Conditions on the return leg were less favourable. It’s always reassuring, though, to know that the Icelandic road authority really is shit hot at what they do, and if they say a road is open, then in some form or other, it will be open. And almost certainly navigable, with a sensible attitude and decent car. Still, a white-out is never pleasant. And we really came to appreciate the sticks marking the sides of the roads. 

It got a fair bit whiter after that but, for contrast, here’s a closed road off to one side:

Very definitely closed!

Down the other side, and on to find our bed for tonight, at Drangsnes. Google maps has a slightly odd take on where we are:

Whilst we’re drier than ^^^ that might imply! the conditions here are tremendous.

We’re metres from the sea, in a wooden but that is being hammered by wind, and a passably robust snowstorm. Lights out, A snoring quietly, and blogging away, the sound is visceral and raw. And not a little bit scary, in a safe kinda scary way. 

Our few hours here have been incredible. The couple who run the place opened up the restaurant, just for us. They speak little English,and our Icelandic is pitiful – so we communicated through gestures and a few shared words. Like chocolate. My dinner contained more beef than I’ve seen on a single plate in years. Big, huge, hearty food, and supremely well-cooked. A drowned under the weight of fish she had on her plate. And they’re re-opening for our breakfast, too.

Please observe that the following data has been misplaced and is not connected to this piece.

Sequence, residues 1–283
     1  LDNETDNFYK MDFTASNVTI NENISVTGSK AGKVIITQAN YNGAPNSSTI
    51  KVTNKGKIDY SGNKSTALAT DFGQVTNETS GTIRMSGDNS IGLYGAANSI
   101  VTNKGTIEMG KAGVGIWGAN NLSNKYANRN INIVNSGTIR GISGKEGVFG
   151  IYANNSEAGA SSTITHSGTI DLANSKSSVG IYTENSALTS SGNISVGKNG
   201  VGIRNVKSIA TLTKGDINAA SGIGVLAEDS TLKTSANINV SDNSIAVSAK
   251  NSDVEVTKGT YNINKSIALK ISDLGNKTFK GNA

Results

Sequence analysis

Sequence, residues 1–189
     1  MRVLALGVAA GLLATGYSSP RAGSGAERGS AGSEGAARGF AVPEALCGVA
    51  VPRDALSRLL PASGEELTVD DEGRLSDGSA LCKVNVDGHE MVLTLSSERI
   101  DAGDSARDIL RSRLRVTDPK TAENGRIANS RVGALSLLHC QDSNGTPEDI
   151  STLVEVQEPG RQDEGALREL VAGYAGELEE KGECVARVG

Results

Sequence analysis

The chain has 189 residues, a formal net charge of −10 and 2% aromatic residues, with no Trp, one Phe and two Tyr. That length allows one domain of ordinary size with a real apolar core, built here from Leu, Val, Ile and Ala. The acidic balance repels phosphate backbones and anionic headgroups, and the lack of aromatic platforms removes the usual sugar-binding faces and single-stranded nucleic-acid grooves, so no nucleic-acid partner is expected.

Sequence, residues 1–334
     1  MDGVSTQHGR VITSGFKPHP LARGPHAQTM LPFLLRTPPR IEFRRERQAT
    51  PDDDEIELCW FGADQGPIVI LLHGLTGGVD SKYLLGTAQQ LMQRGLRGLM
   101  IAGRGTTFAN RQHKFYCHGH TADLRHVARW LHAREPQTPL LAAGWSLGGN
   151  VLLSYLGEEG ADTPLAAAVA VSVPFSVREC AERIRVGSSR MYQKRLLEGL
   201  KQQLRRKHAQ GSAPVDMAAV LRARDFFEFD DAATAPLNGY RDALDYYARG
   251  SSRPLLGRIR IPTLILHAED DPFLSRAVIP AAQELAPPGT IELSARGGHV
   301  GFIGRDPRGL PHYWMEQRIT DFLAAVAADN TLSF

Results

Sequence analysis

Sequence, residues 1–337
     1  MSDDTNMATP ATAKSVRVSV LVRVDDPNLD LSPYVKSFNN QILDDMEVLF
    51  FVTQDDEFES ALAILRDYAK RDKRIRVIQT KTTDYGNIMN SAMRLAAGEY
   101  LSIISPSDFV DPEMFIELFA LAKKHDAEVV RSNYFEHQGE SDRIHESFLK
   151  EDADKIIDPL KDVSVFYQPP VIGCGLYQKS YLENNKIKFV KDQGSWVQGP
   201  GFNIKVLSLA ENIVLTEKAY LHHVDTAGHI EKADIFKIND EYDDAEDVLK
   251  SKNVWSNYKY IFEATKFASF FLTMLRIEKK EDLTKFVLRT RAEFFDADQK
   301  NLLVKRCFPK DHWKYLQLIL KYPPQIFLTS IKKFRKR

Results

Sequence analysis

Drangsnes also offers seafront hotpots – dents in an elevated piece of the seafront, bare feet from the crashing sea, filled with geothermal spring water. We went out to investigate, despite the snow. And saw our first glimpse of the aurora borealis instead – a huge, blue, neon streak across the sky. I only had my iPad on me, so have bit the sketchiest of pictures. A has better pics, to follow. 

Am extraordinary end to a day that was, despite a massive amount of driving, a little bit experimental but utterly worthwhile.